Bright Lights, Big City

I felt a bit giddy stumbling onto the little chocolate shop near the Ben Thanh Market in central Ho Chi Minh City. The tiny shop is lined with dozens of brightly packaged bars of varying choco-intensity and flavor, all sourced from a single farm in the Mekong Delta. “This one is my favorite,” says the young woman assisting me finding my own favorites. Using a pair of small tongs, she grabs a small chocolate chunk from the box of chocolate flavors displayed in front of me and drops it into my palm. I pop it into my mouth and feel the cinnamon sting my tongue. “It’s right here,” she points to the bar of cinnamon chocolate on the shelf behind me and I take one and add it to the other bars I was buying.

Bright lights in central Ho Chi Minh City.

“For how long are you in Vietnam?” she asks in her perfect English. I tell her I’m going to live and work in Dalat for the next five months. Her eyes light up, “Oh – I love Dalat! It’s so beautiful! So many flowers – and the pine forests!” She sighs remembering her time there, and I suddenly feel excited and a little less tired than I’ve been.

In some ways, Ho Chi Minh feels a bit like New York – you often risk stepping into someone’s photo shoot.

I think that settling into a new country for what might be considered ‘the long haul’ – a few months compared to the average vacation of 2-3 weeks – requires such a different mindset than what I need on my shorter travels. I’m trying to keep this in mind. Knowing that I will be working and living my day-to-day life, and that I don’t have to go down the checklist of attractions in a new place. Knowing that I can watch what happens in the same place over a significant chunk of a year, means that I needed to approach my initial weeks here a bit differently than I would if I were a tourist. I can’t neglect the things that sustain me daily in my normal life. I need to touch the familiar with some frequency as I expand into a world that is so different from the life I’ve been living for the past few years, especially the life I’ve had since the start of the pandemic.

A busy Sunday for Tet family photos along the path that runs beside the Saigon River.

And so: artisan chocolate. My go-to sustenance for life.

Also, if you’ve followed my blog before, you know I’m not a city person. Cities wear me down fairly quickly. I’ve learned to pace myself on city visits. I know how much city stimulus I can handle in one day before the overwhelm makes it hard for me to think or move or feel anything. So for my first few days in Ho Chi Minh City I gave myself a rough plan each day: a morning outing, afternoons in my hotel room with AC cranked up, computer in my lap, and a few snacks by my side, then late afternoon or early evening I go on another outing, with food foremost on my mind.

This week was all about getting to know Ho Chi Minh City and meeting fellow Fulbrighters at our orientation. I flew to Dalat yesterday (it’s only about 180 miles from the city – but that amounts to a 6-8 hour bus ride. Flying took 30 minutes).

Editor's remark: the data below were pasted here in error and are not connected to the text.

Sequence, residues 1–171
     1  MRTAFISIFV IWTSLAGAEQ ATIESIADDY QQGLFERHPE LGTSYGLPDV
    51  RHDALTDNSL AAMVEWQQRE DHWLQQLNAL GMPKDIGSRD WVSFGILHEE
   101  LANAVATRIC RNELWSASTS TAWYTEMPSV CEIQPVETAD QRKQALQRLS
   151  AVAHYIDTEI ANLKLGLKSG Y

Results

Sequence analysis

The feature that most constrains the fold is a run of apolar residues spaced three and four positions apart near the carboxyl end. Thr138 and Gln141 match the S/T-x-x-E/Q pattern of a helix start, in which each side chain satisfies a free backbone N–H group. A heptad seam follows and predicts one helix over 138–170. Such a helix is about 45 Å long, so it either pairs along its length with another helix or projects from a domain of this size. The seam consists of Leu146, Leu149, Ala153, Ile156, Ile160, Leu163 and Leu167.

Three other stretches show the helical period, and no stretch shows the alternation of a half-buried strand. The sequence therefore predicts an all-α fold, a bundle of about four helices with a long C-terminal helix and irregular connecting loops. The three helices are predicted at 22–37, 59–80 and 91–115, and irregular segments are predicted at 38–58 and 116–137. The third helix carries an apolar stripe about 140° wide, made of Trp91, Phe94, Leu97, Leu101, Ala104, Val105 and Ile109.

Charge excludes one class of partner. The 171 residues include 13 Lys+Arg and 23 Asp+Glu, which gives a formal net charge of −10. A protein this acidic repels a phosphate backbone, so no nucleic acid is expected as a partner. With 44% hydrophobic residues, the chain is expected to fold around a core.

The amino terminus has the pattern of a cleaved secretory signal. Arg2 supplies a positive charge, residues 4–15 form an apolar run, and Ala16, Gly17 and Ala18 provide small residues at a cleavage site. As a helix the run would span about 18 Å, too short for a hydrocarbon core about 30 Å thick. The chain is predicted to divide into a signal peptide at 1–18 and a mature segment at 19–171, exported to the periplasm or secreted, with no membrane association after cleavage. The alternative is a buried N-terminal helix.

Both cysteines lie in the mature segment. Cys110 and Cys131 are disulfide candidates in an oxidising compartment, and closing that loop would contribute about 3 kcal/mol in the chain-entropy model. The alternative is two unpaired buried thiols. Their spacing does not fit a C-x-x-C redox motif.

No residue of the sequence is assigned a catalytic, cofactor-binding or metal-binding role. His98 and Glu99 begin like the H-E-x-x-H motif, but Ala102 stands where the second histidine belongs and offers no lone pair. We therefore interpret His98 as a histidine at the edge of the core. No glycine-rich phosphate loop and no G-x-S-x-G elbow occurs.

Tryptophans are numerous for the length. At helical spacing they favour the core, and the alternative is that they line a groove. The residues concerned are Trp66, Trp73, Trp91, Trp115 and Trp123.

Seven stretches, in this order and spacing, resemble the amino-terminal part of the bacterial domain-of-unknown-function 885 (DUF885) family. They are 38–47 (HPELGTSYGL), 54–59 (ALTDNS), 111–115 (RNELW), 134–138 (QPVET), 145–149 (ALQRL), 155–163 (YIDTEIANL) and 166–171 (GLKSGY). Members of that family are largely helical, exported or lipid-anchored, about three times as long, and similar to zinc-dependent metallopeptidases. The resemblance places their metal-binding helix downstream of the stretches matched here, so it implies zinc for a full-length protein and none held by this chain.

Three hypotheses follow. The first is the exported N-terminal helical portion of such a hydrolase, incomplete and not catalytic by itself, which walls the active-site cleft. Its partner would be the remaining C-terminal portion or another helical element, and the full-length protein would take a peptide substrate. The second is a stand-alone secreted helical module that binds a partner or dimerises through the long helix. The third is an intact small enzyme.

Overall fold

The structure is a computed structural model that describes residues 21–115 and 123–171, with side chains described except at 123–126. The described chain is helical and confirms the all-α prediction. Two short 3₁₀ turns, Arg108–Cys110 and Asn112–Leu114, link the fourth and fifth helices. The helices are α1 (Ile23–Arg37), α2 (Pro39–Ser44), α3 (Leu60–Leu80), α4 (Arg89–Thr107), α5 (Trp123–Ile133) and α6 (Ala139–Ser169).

I’ll write more about our orientation and about Dalat later. For now, I just wanted to share some impressions. Given the newness of the culture, a language in which I am totally illiterate, the humid heat (after the sub-zero Christmas temperatures I experienced), I’ve really needed to pace myself and pay attention to the things that continue to require conscious adjustment. Chocolate definitely helps.

Here are a few things that have required adjustment:

Weather: This is the cool season in Ho Chi Minh City. High temperatures range from 82-92 F, lows are in the low 70’s. For the first couple of days I was there, the temperature hovered around 80F, and it felt perfect. Then it got a little hotter, and I became really happy that I’m going to be living in the mountains for most of the time while I’m here. Coming from a Colorado winter, it’s a bit of a shock to my system. One afternoon it rained hard for about 90 minutes. It was a glimpse of what the city can do much of the time, I think.

Air: You see people wearing masks in the street and on the scooters in my photos. Nearly everyone on the street, outside, is wearing a mask. You might be thinking “Wow – these people are really COVID-conscious, or the government is really cracking down on COVID.” As it turns out, the masks on the street have almost nothing to do with COVID. They are all about protecting your lungs from particulate matter, barbecue smoke, dust from construction material, and whatever else might be floating through the air. I thought it was too hot to wear a mask outside when I first got here, but after a couple of walks along the major boulevards, I changed my mind.

Air pollution is hardly a problem unique to Vietnam (hey, Colorado, I’m lookin’ at you!). Vietnam also receives pollution from other southeast Asian countries at certain times of the years, so it is not simply about the number of motorbikes on the road (which, I think, when it comes to air pollution, are way less problematic than the coal-rollers back home who intentionally like to spew black smoke from their tailpipes). This is truly a global environmental problem exacerbated in some places by the peculiarities of regional meteorology. At least, here, no one looks at you funny when you wear a mask. And it turns out, Many Vietnamese are quite COVID-conscious – or, at least, socially considerate.